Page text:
Unfortunately I gave Allan a pass on this during our show. I made some pun about it being a fowl deal and we moved on. I regret that now. I’ll try not to let that happen again.


PZGURU said...

Wow. Just when I thought you were gonna give a republican a fair shake, you clucked it up. Fifty chicken coops doesn't seem like a big deal so why are you trying to make it into something bigger? Just so you can have a gripe about a republican? And you try to pawn yourself off as an "independent" voice? You are truly are ridiculous.

Bob O said...

Well, the truth of the matter is that you can't have your chicken and eat it, too.

Life, economics, and ecology is all about trade-offs. Do you want more oysters or more chicken wings?

Yes, I'm all for preserving the Bay, but.... What do you want to give up?

More importantly, what does the market want to give up? It becomes The Tragedy of the Commons. We all use the Bay but we also all want to have reasonably priced chicken fingers in the frozen food section of the local supermarket.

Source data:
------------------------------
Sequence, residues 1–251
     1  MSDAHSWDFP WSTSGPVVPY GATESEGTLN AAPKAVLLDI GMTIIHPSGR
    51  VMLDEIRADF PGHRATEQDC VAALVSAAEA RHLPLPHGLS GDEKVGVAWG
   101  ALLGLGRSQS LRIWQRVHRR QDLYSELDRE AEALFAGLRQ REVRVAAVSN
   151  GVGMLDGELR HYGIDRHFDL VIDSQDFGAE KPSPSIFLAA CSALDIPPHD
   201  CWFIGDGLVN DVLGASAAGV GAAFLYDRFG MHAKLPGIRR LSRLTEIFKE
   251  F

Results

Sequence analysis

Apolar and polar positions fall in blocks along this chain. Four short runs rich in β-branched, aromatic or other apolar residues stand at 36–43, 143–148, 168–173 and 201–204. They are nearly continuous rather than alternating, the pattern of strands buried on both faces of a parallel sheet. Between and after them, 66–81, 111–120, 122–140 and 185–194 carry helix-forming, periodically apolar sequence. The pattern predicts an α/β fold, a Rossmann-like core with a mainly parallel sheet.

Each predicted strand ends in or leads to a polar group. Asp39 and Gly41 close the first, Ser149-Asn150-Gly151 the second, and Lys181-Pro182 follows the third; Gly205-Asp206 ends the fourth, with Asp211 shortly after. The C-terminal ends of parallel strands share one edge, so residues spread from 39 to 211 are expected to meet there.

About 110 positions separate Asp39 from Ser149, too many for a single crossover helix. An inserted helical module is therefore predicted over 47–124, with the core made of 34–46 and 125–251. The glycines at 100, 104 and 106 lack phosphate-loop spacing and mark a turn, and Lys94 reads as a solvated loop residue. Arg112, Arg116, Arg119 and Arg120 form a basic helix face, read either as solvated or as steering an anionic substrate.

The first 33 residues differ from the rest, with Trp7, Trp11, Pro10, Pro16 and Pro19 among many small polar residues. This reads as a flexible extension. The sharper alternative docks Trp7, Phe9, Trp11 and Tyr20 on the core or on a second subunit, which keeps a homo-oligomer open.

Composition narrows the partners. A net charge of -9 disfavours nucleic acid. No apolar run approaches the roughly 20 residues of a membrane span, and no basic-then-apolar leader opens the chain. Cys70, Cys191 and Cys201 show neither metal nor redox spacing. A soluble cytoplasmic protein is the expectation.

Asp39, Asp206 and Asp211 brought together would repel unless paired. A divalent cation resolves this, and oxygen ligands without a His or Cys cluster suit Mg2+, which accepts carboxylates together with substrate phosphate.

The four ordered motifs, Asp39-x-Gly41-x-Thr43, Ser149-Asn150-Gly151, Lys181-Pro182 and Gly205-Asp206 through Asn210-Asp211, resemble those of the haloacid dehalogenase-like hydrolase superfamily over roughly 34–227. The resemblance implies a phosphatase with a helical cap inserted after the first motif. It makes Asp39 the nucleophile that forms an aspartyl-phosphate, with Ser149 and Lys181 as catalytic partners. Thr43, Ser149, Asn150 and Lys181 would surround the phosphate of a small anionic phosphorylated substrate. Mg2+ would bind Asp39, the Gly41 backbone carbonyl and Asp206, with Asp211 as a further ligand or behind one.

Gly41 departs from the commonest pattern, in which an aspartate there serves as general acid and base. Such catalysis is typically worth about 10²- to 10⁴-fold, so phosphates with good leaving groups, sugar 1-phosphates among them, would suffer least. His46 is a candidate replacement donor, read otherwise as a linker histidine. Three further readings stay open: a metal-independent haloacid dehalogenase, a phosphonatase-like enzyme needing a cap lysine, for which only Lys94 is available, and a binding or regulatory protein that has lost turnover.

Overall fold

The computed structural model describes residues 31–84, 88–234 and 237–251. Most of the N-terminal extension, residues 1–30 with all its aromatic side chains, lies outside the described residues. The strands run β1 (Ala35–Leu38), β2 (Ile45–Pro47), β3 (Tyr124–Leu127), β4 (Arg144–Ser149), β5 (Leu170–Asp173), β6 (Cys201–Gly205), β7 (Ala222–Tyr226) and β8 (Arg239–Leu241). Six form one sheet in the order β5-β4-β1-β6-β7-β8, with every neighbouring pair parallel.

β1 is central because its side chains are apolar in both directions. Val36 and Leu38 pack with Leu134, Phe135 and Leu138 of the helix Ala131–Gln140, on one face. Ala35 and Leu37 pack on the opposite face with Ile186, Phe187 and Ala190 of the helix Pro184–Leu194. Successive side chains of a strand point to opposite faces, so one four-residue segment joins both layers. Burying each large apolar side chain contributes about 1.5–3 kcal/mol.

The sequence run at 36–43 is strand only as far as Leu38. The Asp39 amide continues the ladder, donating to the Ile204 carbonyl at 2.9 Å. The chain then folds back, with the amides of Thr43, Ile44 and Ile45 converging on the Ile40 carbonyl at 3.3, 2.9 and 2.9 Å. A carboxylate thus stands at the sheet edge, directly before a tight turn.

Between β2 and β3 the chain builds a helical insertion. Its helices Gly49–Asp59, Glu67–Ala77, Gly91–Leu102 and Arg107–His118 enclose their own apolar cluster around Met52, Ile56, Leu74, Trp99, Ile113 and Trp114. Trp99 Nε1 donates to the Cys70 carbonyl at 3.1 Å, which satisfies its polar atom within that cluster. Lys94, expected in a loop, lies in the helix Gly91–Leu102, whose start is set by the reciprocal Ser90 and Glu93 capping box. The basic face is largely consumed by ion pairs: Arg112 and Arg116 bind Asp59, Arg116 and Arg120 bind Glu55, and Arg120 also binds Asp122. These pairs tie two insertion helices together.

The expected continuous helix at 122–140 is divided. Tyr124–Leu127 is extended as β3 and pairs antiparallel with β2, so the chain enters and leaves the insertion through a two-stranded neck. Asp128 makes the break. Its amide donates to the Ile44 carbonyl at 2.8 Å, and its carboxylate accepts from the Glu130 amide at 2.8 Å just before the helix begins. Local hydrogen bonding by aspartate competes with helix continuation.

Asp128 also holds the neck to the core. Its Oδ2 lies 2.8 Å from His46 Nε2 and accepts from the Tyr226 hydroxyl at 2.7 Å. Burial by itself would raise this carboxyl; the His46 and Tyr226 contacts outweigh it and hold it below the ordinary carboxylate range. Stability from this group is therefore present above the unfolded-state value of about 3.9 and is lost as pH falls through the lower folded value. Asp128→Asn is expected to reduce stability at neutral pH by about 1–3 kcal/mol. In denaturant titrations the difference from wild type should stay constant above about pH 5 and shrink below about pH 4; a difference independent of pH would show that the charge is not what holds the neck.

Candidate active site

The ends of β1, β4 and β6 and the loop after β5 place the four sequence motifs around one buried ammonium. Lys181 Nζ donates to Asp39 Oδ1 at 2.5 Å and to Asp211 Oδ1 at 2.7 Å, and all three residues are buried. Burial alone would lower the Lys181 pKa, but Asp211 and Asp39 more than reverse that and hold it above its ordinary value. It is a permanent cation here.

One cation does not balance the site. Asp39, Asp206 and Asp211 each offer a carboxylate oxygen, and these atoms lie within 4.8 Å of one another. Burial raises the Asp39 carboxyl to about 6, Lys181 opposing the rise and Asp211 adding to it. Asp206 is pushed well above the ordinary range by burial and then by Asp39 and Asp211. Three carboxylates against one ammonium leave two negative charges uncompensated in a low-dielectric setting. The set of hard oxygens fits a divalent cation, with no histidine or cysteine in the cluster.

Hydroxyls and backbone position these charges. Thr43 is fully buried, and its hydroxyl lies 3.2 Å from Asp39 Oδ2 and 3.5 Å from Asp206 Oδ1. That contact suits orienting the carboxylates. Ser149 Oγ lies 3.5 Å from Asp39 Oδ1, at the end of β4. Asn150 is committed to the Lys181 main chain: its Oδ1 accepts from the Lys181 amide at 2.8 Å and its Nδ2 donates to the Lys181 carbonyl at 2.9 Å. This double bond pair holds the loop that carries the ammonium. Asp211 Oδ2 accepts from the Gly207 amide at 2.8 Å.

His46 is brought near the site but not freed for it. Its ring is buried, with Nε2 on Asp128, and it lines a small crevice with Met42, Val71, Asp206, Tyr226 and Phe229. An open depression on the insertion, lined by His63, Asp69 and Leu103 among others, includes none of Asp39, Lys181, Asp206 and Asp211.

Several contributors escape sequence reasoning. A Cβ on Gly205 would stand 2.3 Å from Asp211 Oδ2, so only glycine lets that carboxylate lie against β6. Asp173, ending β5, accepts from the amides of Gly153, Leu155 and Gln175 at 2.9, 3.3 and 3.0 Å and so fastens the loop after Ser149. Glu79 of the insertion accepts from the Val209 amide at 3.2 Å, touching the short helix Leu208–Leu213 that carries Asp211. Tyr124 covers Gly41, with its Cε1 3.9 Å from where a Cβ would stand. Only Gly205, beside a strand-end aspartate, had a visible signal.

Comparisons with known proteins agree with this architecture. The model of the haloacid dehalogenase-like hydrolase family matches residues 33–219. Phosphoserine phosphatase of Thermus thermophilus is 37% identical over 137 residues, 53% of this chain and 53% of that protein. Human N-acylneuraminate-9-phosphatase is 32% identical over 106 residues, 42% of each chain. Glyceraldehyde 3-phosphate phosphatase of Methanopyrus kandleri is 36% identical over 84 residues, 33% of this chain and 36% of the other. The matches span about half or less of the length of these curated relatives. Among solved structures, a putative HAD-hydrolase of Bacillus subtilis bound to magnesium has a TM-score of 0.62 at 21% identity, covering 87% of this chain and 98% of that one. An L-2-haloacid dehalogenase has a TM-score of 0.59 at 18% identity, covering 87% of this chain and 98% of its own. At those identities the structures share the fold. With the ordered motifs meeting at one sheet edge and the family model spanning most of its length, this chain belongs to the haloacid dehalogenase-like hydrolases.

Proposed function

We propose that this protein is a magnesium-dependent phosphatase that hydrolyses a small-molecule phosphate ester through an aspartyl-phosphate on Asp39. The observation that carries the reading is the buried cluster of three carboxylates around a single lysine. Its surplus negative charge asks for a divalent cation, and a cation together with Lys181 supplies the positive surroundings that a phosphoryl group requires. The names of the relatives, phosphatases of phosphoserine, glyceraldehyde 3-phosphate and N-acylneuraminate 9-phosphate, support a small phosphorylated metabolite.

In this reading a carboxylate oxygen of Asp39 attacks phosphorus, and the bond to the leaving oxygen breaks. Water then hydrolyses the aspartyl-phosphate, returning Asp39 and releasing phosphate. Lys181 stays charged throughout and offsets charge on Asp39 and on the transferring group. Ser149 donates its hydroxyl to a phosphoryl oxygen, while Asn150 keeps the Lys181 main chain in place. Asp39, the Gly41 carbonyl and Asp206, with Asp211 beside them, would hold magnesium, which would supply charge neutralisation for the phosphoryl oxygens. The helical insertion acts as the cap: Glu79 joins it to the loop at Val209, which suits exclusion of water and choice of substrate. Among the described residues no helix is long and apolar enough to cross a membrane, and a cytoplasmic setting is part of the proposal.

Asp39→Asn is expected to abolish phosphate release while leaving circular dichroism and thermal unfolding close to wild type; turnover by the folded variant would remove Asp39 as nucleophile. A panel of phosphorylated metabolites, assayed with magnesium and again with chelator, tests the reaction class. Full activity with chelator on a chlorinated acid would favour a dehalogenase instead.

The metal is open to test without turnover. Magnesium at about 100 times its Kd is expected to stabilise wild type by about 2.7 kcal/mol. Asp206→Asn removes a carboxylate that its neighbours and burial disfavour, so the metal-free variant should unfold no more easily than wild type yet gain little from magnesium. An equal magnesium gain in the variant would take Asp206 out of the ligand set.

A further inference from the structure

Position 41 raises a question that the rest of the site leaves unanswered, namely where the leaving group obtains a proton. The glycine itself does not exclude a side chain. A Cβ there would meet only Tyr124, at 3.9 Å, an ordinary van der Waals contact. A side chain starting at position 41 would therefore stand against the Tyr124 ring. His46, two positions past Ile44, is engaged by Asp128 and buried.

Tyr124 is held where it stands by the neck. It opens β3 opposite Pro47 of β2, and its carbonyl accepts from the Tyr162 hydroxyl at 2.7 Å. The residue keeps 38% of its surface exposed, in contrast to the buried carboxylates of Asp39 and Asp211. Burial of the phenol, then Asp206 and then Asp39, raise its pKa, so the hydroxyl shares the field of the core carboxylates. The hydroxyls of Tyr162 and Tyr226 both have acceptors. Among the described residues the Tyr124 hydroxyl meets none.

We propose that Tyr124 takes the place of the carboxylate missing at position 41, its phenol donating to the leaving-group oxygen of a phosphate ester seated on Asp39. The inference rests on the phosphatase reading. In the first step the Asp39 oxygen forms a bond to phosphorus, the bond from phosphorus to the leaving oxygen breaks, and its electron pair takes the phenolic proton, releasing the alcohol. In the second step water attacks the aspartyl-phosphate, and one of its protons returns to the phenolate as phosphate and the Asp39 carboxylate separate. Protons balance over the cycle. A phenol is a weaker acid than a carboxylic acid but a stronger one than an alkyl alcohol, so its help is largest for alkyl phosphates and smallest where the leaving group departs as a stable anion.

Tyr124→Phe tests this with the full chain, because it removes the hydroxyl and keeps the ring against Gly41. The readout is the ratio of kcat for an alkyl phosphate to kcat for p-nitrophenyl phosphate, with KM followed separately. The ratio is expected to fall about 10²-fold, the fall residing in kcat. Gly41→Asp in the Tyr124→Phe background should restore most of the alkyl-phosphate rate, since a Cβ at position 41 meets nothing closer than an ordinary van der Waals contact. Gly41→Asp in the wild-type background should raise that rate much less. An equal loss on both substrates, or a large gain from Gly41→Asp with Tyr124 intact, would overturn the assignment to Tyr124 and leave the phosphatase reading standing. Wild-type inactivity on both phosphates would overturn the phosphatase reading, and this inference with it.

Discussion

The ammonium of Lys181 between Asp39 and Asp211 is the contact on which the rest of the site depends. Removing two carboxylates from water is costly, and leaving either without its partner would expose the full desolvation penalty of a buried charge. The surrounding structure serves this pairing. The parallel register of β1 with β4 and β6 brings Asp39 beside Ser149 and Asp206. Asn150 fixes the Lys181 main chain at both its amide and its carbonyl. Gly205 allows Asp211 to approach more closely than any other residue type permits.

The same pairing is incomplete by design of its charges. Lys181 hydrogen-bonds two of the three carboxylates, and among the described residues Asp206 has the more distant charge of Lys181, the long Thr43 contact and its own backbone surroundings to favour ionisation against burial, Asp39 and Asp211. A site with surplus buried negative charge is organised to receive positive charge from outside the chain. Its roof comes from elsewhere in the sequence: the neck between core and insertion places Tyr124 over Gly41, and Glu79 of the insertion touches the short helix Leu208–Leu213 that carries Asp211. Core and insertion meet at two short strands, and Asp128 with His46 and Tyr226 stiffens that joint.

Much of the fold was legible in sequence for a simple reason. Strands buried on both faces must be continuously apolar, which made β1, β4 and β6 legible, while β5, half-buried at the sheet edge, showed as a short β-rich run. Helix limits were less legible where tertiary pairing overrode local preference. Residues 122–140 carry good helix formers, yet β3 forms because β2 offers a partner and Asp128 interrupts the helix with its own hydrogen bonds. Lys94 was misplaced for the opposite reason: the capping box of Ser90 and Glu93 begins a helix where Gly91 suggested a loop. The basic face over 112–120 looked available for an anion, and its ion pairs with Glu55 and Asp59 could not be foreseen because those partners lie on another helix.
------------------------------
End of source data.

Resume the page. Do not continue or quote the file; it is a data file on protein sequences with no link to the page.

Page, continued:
So. Choose.

It's like paying extra for a Prius or deciding you want more room and 4wd, like a Ford Explorer or Chevy Suburban. You make a choice and live with it.

Non-point source pollution is a problem for the Bay...but it pales in comparison with the sheer number of people who live in Maryland and impact the Bay everyday. Don't blame the chickens, blame the people, and the choices they make. It's just not sustainable.

Anonymous said...

I doubt your credentials as an independent but I won't be too hard on you. I will say you sound like any other ordinary scatterbrained liberal when it comes to chicken farming. In order to be green and save the bay, let's ban the production of chickens, pigs and cattle in Maryland. Then let's turn all of the unused land into vegetable and fruit farms, enhance production with fertilizers, move the people from the cities to communes....schucks, that leaves us with lots of fertilizer nitrogen and human waste nitrogen leaching into the bay. Give me a Perdue chicken anyday.

Anonymous said...

THAT is exactly why I do not watch those soft ball wastes of time that only suck up time.

I can read campaign literature and get more information than those video clips.

We already have an abundance of one-sided "reporting".

Freemarket said...